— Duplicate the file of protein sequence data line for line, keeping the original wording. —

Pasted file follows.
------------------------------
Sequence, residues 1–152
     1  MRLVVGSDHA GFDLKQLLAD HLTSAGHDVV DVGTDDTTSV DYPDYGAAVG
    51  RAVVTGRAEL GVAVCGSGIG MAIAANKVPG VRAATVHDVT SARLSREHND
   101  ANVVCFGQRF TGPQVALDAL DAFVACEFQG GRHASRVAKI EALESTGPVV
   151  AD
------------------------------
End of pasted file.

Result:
Sequence, residues 1–152
     1  MRLVVGSDHA GFDLKQLLAD HLTSAGHDVV DVGTDDTTSV DYPDYGAAVG
    51  RAVVTGRAEL GVAVCGSGIG MAIAANKVPG VRAATVHDVT SARLSREHND
   101  ANVVCFGQRF TGPQVALDAL DAFVACEFQG GRHASRVAKI EALESTGPVV
   151  AD